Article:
Frequency of Sweet and Salty Snack Food Consumption Is Associated with Higher Intakes of Overconsumed Nutrients and Weight-For-Length z Scores During Infancy and Toddlerhood

J Acad Nutr Diet. 2022 Aug;122(8):1534-1542. doi: 10.1016/j.jand.2022.02.013. Epub 2022 Feb 25.


Background: Current dietary guidelines recommend avoiding foods and beverages with added sugars and higher sodium before age 2 years.

Objective: The aim was to describe daily snack food intake (frequency and total energy) and the associations with overconsumed nutrients (added sugars, sodium, and saturated fats) and child weight-for-length z scores.

Design: A cross-sectional, secondary analysis of baseline data from an ongoing longitudinal intervention was conducted.

Participants and setting: A sample of 141 caregivers with infants (aged 9 to 11 months) and toddlers (aged 12 to 15 months) was recruited in Buffalo, NY, between 2017 and 2019.

Main outcome measures: Three 24-hour dietary recalls were used to categorize 'sweet and salty snack foods' or 'commercial baby snack foods' based on the US Department of Agriculture What We Eat in America food group classifications and estimate nutrient intakes. Child recumbent length and weight were measured by trained researchers.

Statistical analysis: Daily frequency (times/day), energy (kcal/day), and overconsumed nutrients from snack food intake were calculated. Multivariable regression models examined associations between the frequency of and energy from snack food intake with overconsumed nutrients and child weight-for-length z scores.

Results: Infants consumed snack foods on average 1.2 times/day contributing 5.6% of total daily energy, 19.6% of added sugars, and 6.8% of sodium. Toddlers consumed snack foods on average 1.4 times/day contributing 8.9% of total daily energy, 40.0% of added sugars, and 7.2% of sodium. In adjusted models including all children, greater frequency of sweet and salty snack food intake, but not commercial baby snack foods, was associated with higher weight-for-length z scores.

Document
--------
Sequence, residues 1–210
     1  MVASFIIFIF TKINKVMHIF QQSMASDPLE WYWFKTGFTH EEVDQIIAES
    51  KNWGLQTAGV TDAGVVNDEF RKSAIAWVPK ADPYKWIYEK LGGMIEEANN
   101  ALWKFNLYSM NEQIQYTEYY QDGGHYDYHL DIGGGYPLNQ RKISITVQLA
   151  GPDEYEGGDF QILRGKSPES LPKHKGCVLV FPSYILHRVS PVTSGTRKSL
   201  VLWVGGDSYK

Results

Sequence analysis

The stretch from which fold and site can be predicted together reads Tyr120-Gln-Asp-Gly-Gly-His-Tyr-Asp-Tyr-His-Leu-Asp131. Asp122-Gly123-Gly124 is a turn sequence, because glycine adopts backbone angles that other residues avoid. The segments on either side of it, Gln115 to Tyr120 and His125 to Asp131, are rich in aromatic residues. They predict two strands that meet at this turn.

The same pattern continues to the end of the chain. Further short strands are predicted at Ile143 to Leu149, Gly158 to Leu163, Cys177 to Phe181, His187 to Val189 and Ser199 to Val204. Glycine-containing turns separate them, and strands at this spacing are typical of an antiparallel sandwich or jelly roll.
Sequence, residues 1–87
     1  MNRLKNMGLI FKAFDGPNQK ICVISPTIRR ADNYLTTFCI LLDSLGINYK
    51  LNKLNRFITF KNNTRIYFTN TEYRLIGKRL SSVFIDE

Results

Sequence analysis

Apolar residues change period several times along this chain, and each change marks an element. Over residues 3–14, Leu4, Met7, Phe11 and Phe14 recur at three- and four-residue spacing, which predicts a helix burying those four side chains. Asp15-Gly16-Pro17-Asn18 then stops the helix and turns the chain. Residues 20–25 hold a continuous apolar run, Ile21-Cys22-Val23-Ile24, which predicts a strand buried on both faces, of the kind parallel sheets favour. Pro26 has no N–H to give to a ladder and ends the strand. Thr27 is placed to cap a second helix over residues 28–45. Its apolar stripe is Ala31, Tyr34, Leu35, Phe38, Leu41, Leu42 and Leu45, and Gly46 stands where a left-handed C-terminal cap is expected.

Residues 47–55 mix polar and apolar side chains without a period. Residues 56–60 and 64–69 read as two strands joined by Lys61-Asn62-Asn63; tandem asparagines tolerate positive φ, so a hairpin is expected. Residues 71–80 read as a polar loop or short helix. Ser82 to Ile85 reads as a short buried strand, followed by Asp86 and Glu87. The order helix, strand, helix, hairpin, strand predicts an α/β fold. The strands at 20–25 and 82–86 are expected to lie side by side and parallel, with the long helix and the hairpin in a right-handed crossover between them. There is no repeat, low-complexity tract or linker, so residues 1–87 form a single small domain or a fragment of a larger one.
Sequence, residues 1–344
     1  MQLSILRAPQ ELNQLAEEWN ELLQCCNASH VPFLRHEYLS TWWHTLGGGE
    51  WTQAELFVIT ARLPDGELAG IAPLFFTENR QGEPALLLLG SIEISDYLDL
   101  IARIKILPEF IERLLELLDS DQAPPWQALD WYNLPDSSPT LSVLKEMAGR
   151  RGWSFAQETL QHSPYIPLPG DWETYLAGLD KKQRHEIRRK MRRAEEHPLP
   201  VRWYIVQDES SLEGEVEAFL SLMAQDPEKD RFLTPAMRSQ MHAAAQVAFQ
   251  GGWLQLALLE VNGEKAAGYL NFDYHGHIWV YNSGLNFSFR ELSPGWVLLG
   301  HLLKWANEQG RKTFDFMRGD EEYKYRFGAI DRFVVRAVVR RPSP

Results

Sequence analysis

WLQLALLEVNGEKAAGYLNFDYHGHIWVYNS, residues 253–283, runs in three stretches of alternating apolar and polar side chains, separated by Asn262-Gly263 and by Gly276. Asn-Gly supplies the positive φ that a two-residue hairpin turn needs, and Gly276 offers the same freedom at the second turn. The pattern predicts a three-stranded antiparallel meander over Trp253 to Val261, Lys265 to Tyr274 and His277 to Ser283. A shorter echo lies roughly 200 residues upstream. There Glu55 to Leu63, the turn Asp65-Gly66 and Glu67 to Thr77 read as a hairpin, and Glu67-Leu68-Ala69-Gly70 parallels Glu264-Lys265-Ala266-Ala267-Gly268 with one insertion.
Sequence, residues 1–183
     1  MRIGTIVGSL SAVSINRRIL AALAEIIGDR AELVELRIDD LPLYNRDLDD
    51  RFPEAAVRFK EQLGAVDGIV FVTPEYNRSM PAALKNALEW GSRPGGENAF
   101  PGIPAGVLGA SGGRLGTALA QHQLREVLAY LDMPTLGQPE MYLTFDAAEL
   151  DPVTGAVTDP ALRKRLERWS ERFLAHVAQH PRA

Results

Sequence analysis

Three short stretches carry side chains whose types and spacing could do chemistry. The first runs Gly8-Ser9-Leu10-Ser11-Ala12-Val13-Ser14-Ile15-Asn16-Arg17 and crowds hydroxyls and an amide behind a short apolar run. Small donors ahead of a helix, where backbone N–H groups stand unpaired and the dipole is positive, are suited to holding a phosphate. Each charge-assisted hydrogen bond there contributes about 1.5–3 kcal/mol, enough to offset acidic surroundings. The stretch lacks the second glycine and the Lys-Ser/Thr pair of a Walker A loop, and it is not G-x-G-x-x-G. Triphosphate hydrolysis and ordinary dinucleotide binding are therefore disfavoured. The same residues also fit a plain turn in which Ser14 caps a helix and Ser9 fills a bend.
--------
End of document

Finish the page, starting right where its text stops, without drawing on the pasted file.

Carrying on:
Conclusions: Snack foods are frequently consumed by infants and toddlers and contribute to the intake of overconsumed nutrients such as added sugars and sodium. Given the current guidelines to avoid added sugars and higher sodium before age 2 years, additional recommendations related to nutrient-dense snack intake may be beneficial.

Keywords: Dietary intake; Infants; Overconsumed nutrients; Snack foods; Toddlers; Weight.

Publication types

  • Research Support, N.I.H., Extramural

MeSH terms

  • Cross-Sectional Studies
  • Diet
  • Energy Intake*
  • Humans
  • Nutrients
  • Snacks*
  • Sodium
  • Sugars


  • Sugars
  • Sodium